Death by Social Enterprise: The Case of the Missing $19 Million

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March 5, 2015; Jewish Daily Forward

 

A recent rash of failures among large Jewish social service agencies in New York City included the case of FEGS, which found itself $19 million short before declaring itself defunct in January. The lingering question, of course, was where had the money gone. Originally, FEGS seem to place blame for its financial hole on for-profit subsidiary SinglePoint Care Network, a joint venture with the not-for-profit Selfhelp. SinglePoint failed shortly following its launch in 2012, but in its tax reports, FEGS reported losing just $215,000 on the investment.

The answer according to the Jewish Daily Forward is that another for-profit subsidiary meant to generate revenue has instead drained the agency. FEGS began paying out massive amounts of money to the AllSector Technology Group starting in 2011; in that single year, transfers of $8.6 million were made. In 2012, it was $9.1 million. Before that, between 2001 and 2010, payments had grown from $2.1 million to $4.9 million.

AllSector is hardly a new idea; it was meant to provide tech services to FEGS and other nonprofits with similar needs. There is no explanation made for the jump, though in 2012, AllSector expanded to incorporate a technology accelerator, Center4, which was housed separately and was supposed to “drive technology innovation to strengthen the capacity of nonprofit health and human service agencies.”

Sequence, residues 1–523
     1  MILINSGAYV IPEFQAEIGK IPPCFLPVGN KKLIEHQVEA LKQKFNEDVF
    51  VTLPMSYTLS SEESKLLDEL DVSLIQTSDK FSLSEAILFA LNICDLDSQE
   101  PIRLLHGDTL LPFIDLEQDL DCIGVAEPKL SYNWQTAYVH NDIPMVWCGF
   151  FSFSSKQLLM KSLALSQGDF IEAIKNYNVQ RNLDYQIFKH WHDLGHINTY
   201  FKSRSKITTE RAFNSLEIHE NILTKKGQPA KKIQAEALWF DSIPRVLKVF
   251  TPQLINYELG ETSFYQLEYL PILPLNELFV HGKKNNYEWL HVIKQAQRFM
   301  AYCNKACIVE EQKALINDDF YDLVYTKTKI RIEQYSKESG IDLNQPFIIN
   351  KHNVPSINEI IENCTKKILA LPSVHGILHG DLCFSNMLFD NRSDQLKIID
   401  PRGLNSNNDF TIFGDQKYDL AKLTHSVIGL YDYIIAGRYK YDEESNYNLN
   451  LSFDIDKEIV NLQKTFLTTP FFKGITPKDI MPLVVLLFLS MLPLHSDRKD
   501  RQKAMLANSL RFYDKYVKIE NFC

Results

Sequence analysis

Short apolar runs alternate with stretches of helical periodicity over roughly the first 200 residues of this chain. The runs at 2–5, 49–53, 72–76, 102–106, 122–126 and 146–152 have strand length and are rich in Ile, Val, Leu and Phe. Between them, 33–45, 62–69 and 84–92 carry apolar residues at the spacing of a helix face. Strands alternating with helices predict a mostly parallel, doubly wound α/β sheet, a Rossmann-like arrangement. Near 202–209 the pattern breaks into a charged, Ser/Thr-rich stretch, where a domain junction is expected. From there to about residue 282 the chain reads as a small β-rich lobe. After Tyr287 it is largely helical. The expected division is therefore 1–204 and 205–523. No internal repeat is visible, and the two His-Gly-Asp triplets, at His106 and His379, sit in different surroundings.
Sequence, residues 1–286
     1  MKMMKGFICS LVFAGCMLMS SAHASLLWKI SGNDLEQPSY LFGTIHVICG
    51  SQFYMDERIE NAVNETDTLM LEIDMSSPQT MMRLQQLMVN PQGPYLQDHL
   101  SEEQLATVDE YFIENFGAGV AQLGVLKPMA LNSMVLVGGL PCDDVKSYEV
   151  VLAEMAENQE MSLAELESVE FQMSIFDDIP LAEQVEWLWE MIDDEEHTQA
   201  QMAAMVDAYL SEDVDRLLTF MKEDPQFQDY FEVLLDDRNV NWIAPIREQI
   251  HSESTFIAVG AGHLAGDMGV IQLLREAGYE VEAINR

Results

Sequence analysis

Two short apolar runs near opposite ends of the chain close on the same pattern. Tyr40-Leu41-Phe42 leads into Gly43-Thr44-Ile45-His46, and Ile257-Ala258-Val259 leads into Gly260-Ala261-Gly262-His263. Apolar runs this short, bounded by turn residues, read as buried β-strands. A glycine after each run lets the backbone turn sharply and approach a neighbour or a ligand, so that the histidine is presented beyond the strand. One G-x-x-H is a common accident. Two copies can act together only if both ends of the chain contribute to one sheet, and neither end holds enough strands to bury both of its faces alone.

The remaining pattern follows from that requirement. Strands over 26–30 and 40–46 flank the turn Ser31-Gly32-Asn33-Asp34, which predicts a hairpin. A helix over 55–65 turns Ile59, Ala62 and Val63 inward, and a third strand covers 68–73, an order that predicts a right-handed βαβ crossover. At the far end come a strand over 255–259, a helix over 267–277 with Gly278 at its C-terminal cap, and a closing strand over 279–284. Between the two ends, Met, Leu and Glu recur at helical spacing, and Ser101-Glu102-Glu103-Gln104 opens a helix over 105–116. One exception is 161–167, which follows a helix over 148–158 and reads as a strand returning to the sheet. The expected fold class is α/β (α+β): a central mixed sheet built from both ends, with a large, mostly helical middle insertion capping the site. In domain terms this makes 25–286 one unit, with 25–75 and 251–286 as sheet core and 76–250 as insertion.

After 2012, writes Josh Nathan-Kazis, the organization’s tax filings become less clear. Nathan-Kazis says that $14 million was transferred between FEGS and AllSector in 2013, but there were inconsistencies in the way the report was completed. Concerning the tangle of information, Nathan-Kazis writes:

“In 2013, the most recent fiscal year for which FEGS’s tax filings are publicly available, the relevant section is riddled with inconsistencies. FEGS reports selling $4.1 million in assets to AllSector on one page, yet on another it reports not selling assets to any related organization. And while every other year, FEGS reported paying AllSector for ‘performance of services,’ in 2013 FEGS reported being paid for ‘performance of services’ by AllSector to the tune of $10.2 million. FEGS does report paying a related organization for ‘performance of services’ that year, but fails to list that transaction.”

FEGS, by the way, owns 95 percent of AllSector, but will not reveal who owns the remaining five percent.

Meanwhile, FEGS itself was growing at an unprecedented rate, doubling its annual expenditures to almost $230 million in just over a decade, partly by taking over competitors. In fact, even in the months immediately before declaring the loss of nearly $20 million, FEGS apparently was trying to absorb yet another nonprofit.

FEGS is commenting about none of this. When asked if FEGS would confirm that it had received $14 million from its subsidiary, a FEGS spokeswoman wrote, “We aren’t going to be commenting on the questions you’ve sent.”—Ruth McCambridge

 

  • R. Scott Dixon, CPA

    The author does a good job of explaining very complex transactions and shows skill working through the Part IV checklists within Form 990, all while staying within a layman’s understanding. FEGS’ filed Schedule R, Related Organizations, would undoubtedly provide further riddles of inconsistency. I would imagine ultimately that FEGS also will have to deal the big gorilla of NPO’s “things not to do,” excess benefit transactions.